U.S. stocks changed direction multiple times during the last trading session, opening with broad rally, moving down, and then drifting higher again before the closing bell.
Energy Rout Continues
Energy shares were the biggest losers as oil prices continued to fall Tuesday. Oil dropped almost 5 percent on Tuesday after the International Monetary Fund reduced its 2015 global economic outlook to the steepest since January 2012 and key producer Iran hinted prices could hit $25 a barrel without supportive OPEC action.
“The global economy’s going to continue to weaken, and crude prices are going to continue on their path to the point where we start to see production drop in the U.S.,” said Matt Smith, commodity analyst at Schneider Electric SA, an energy-consulting firm.
Oil Minister Bijan Namdar Zanganeh said “If the oil prices drop to $25 a barrel, there will yet again be no threat posed to Iran’s oil industry.”
OPEC members and non-OPEC producers must cooperate “to generate investment in the oil industry,” Zanganeh said. “This will bring about desired conditions for both producers and consumers.”
Gold and silver mining stocks were among top gainers as the group jumped with precious metals prices. Gold extended six-day rally to settle at its highest price in five months Tuesday, after the Swiss National Bank last week caused selloff in currency markets and investors shifted their focus to this week’s meeting of the European Central Bank. Gold for February delivery ended the day up $17.30 or 1.4% to reach at $1,294.20 an ounce, on the New York Mercantile Exchange, as signs of slowing global economies increased demand for the metal as a haven. That’s the best settlement for bullion since Aug. 19. The seven-day rally, the longest rally since Feb. 18, helped gold prices to achieve a 7.1% rise.
“People are rediscovering gold since there is so much uncertainty about Europe,” George Gero, a New York-based precious-metal strategist at RBC Capital Markets LLC, said in a telephone interview. “They want to safeguard against the global economic weakness.”
“Demand for gold should also remain buoyant ahead of the ECB’s meeting on Thursday and the elections in Greece at the weekend,” said Commerzbank’s Eugen Weinberg in a note Monday.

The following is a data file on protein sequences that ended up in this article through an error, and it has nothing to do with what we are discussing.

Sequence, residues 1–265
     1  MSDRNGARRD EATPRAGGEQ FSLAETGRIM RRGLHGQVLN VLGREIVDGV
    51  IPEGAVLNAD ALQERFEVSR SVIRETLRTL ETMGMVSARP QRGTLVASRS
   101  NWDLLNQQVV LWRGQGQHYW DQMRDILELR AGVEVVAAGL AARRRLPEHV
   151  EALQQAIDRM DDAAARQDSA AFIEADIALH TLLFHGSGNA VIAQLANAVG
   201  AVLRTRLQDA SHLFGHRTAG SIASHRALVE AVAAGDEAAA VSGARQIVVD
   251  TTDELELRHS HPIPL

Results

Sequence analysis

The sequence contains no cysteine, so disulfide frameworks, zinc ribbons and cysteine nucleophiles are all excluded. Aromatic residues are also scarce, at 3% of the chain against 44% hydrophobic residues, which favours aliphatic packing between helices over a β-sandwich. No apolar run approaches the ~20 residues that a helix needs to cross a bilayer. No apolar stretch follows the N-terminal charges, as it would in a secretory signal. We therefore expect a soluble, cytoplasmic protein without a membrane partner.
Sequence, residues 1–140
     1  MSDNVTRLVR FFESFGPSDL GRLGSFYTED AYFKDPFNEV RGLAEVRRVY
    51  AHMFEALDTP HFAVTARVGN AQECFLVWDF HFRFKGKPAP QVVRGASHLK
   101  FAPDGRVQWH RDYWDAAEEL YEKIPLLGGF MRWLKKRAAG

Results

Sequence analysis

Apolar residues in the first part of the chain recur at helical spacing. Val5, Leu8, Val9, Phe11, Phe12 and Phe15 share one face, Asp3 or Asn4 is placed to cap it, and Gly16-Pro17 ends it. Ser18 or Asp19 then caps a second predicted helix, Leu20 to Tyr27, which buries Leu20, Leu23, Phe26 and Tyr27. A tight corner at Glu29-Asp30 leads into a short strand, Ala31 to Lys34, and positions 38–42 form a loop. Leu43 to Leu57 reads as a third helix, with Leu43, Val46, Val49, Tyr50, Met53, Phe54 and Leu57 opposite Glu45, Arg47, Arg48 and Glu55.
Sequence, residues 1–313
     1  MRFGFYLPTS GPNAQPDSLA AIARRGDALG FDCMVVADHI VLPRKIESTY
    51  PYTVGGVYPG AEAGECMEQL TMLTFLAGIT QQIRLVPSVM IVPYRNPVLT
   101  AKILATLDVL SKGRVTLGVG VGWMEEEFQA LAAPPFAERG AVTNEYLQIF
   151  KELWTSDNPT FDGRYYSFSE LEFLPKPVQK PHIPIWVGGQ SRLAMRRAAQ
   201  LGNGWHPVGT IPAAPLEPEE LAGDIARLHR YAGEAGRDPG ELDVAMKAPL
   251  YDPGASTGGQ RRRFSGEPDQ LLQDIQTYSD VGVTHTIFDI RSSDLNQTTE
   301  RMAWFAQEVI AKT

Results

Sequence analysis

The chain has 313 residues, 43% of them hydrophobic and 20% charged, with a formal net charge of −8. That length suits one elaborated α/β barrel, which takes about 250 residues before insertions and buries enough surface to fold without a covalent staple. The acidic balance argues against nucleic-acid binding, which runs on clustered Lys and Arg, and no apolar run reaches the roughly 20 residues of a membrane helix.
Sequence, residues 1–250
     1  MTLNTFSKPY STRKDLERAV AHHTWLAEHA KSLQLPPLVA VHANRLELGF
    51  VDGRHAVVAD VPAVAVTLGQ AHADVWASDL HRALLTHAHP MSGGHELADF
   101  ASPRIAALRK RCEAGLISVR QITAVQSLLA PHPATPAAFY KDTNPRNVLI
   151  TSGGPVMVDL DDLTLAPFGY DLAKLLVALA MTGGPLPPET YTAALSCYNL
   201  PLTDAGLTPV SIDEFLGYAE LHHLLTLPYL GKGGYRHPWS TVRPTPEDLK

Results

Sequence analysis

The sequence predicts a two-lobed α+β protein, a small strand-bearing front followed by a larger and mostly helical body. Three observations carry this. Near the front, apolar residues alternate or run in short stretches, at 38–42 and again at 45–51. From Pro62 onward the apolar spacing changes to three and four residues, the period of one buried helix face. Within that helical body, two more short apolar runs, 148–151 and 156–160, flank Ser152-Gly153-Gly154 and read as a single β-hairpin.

“The sharp price rise at the end of last week was accompanied by high inflows into gold ETFs: holdings in the gold ETFs tracked by Bloomberg were increased by 26.2 tons on Thursday and Friday combined.” Weinberg said. “This represented the highest inflows on two consecutive days since November 2011.”
Silver futures for March delivery added 1.2 percent to settle at $17.956 an ounce. Earlier, the price traded at $18.045, the best not seen since Sept. 19.
Housing Stocks Take A Hit
Shares of homebuilders and other housing-related stocks have come under pressure after a popular index measuring homebuilder confidence in the housing market unexpectedly fell by one point to 57 this month from 58 in December, industry data showed on Tuesday. While the National Association of Home Builders/Wells Fargo builder sentiment index was lower than the 58 the market had forecast, any reading above 50 mean more respondents report good market conditions.
The latest reading is in line with the NAHB’s expectation for the US housing market to keep growing at a gradual pace this year.
The residential construction industry suffered big selloff in the stock market after last week’s margin concerns from key industry players like Lennar and KB Home. In addition, Credit Suisse downgraded several home builders.
Demand for homes is expected to get benefited in 2015 from a strengthening job market and mortgage rates near historically low levels. Last week, it was reported that consumer confidence rose this month to the best level in more than a decade, raising the odds more households will be looking for residences.
“Steady economic growth, rising consumer confidence and a growing labor market will help the housing market continue to move forward in 2015,” David Crowe, NAHB chief economist, said in a statement.
Airline Stocks Flying High
The airline industry group climbed higher on Tuesday in the wake of another decline in oil prices and upbeat quarterly results from Delta Air Lines. The company’s earnings and revenue both topped Wall Street’s estimates.
Delta posted earnings per share of 78 cents for the fourth quarter on revenue of $9.65 billion, a 6.3% increase from the year-ago quarter. Analysts had expected EPS of 77 cents with $9.58 billion in revenue.
The results were strong as it spent 83%, or $1.8 billion less on fuel in the quarter versus the same period last year due to lower oil prices. The oil slump also helped it save $1.2 billion in the value of Delta’s fuel-hedging transaction.